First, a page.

Disaster relief must incorporate civil rights and fair housing requirements, and the conciliation agreement shows that the State can seize this opportunity to remedy historic disinvestment and discrimination. Texas Appleseed’s analysis of disaster recovery identified how the use of fair housing can improve outcomes:
- Because the same communities that have been historically underserved are also those most affected by natural disasters, government recovery funding should be based on unmet need.
- The federal government should formalize a data-based allocation formula based on unmet need and incorporating challenges to recovery, and CDBG disaster recovery funds should be distributed according to this formula on both the federal and state level.
- Recipients of federal disaster recovery funding must have a clear understanding of their civil rights obligations, and damage assessments must specifically assess the disaster’s impact on protected classes.
- Disaster recovery must involve making communities more resistant to the next disaster, rebuilding in a way that does not exactly replicate pre-disaster conditions in housing, infrastructure and economic development, but without displacing or excluding protected classes.
- To ensure a fair and effective recovery, states should engage in pre-disaster planning, identify best practices, build the capacity of local jurisdictions, and collaborate with a broad range of stakeholders including grassroots community groups.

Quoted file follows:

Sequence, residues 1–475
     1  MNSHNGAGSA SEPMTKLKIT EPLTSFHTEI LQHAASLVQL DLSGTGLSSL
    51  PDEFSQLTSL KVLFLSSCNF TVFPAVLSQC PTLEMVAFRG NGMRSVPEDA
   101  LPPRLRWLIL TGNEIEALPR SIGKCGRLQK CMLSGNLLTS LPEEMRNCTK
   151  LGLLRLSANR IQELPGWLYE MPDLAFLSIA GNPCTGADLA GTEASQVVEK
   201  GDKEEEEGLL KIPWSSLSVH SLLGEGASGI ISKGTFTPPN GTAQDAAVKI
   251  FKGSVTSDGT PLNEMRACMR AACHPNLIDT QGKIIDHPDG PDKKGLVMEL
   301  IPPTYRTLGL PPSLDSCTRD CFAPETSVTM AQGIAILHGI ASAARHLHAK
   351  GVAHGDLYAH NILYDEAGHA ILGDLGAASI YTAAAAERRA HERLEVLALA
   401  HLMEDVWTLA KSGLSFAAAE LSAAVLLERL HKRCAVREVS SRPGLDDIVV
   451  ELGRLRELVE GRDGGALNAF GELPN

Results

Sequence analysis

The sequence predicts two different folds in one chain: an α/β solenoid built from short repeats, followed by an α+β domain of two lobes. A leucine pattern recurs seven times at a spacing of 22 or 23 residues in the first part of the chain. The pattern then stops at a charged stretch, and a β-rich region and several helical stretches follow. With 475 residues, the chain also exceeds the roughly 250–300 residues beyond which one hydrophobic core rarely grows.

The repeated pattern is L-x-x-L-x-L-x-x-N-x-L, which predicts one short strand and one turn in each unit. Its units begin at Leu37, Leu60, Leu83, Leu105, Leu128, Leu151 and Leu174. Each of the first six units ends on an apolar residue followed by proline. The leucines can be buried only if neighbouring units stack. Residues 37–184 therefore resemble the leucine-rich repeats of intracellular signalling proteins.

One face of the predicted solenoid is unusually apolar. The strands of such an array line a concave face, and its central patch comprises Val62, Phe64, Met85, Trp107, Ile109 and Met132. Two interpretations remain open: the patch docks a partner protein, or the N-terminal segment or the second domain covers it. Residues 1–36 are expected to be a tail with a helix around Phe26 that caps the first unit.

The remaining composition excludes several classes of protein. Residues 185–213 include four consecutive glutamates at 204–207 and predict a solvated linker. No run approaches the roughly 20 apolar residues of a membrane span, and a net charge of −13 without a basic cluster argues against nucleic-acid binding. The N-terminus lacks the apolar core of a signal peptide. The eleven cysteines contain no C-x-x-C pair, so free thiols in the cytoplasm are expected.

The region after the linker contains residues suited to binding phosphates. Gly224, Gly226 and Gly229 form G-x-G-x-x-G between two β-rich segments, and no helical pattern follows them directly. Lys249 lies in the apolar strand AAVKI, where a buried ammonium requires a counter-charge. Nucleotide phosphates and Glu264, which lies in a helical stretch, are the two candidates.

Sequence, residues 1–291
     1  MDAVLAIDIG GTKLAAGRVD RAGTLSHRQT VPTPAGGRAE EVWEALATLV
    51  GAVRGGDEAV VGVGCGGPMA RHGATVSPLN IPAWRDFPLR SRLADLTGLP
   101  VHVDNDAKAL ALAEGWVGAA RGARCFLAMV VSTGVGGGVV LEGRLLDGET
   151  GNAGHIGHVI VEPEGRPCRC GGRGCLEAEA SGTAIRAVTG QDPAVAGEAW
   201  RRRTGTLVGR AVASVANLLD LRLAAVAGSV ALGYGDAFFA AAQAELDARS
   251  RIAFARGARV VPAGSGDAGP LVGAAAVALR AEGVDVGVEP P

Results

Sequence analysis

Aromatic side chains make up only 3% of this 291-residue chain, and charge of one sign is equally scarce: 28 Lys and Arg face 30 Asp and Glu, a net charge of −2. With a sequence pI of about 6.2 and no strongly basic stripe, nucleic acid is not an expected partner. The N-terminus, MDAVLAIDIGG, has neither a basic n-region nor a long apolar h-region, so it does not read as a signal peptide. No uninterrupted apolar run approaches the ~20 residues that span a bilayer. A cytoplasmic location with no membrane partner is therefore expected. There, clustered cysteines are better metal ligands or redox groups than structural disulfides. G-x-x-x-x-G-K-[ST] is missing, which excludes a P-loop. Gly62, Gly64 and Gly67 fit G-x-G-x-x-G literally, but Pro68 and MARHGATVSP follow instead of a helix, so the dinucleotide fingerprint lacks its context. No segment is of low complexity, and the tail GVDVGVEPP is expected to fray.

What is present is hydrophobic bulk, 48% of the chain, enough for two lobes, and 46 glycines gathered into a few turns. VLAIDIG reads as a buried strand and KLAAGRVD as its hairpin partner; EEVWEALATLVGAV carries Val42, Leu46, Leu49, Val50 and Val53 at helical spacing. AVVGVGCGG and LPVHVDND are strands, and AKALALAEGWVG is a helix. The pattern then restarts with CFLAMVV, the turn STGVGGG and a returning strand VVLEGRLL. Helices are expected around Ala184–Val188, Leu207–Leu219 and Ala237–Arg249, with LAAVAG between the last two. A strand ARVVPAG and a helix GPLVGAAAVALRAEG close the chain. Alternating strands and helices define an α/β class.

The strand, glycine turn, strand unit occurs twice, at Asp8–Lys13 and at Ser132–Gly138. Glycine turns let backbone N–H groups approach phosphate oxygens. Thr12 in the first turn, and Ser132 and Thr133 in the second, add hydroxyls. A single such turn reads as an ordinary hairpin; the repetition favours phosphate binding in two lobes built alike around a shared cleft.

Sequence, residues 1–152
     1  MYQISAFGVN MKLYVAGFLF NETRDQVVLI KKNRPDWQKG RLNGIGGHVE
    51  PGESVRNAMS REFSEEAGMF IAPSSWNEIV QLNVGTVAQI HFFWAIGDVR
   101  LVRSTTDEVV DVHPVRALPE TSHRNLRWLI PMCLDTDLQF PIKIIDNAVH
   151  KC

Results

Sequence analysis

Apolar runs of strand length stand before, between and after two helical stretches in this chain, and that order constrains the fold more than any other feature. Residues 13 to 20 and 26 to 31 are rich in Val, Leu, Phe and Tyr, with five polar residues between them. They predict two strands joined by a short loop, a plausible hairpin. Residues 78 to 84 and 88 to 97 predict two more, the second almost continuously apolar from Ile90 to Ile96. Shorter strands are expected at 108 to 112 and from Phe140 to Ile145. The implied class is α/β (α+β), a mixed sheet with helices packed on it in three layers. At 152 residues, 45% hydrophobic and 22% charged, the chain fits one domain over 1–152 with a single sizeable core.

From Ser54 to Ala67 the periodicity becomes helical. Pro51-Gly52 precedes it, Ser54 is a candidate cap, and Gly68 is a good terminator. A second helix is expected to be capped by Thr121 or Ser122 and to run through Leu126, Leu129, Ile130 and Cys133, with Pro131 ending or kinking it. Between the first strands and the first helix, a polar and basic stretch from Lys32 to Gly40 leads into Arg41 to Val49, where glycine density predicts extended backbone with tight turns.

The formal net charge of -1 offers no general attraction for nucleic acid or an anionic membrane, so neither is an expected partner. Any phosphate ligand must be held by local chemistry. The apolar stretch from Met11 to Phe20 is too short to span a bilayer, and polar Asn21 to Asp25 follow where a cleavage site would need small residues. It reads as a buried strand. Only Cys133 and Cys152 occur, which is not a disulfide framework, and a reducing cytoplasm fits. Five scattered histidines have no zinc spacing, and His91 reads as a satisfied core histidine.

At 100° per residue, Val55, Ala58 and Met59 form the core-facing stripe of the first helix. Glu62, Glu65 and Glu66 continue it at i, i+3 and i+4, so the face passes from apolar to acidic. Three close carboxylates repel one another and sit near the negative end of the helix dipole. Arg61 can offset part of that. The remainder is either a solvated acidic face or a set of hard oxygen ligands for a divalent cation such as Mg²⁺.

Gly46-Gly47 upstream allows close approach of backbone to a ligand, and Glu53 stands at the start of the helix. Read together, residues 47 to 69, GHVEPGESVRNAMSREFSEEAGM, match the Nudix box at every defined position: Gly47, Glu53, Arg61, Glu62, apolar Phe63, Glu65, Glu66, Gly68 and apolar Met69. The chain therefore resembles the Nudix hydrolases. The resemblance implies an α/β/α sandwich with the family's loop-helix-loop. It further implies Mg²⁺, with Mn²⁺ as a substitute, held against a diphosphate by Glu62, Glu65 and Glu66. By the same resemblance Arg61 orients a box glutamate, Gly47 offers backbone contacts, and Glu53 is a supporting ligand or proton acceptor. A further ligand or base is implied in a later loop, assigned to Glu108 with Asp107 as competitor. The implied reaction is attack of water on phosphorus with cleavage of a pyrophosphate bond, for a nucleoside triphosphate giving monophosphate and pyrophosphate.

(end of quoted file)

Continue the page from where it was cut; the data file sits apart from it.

During the 2015 session of the Texas Legislature, a bill proposed by Sen. Eddie Lucio, Jr. of Brownsville would have expanded the RAPIDO model into a statewide approach to disaster recovery. It received broad bipartisan support but failed to receive a vote before the crowded bill deadline at the end of the session. However, the governor and the land commissioner could still implement the bill’s recommendations and bring this fair and equitable strategy for disaster recovery housing to the whole state.
We and our partners offered input during the legislative process and continued to do so as the Texas Senate Committee on Intergovernmental Relations studied disaster recovery during the interim session. We offered the committee a set of clear recommendations for how to improve disaster recovery based on the success of RAPIDO, proposing that Texas should aim for four goals:
1. Rebuild all homes within 12 months;
2. Reconstruct the maximum number of homes with the available resources (including faith-based, voluntary and homeowner self-help);
3. Tailor home reconstruction to meet the needs of homeowners and local communities;
4. Rebuild in a manner to protect communities against damage from future disasters.
Read our full recommendations on how to accomplish these goals using the Texas model.
Keep up with the latest on disaster recovery housing:
“Bill to cut disaster rebuilding from years to months” Houston Chronicle, 5/8/15
“Lucio: Hurricane-damaged homes can be rebuilt faster, cheaper” Rio Grande Guardian, 5/1/15
“A custom three-bedroom house for $69,000? Welcome to the new model for disaster relief.” Public Radio International’s The World, 4/10/15
“Houses still unbuilt 6 years after Ike” Houston Chronicle, 1/24/15
“Project aims to get disaster victims into homes within days” Houston Chronicle, 11/28/14
“Castro tours rapidly built emergency housing in Valley” San Antonio Express-News, 11/28/14
“Can we climate-proof cities?” The Guardian, 10/10/14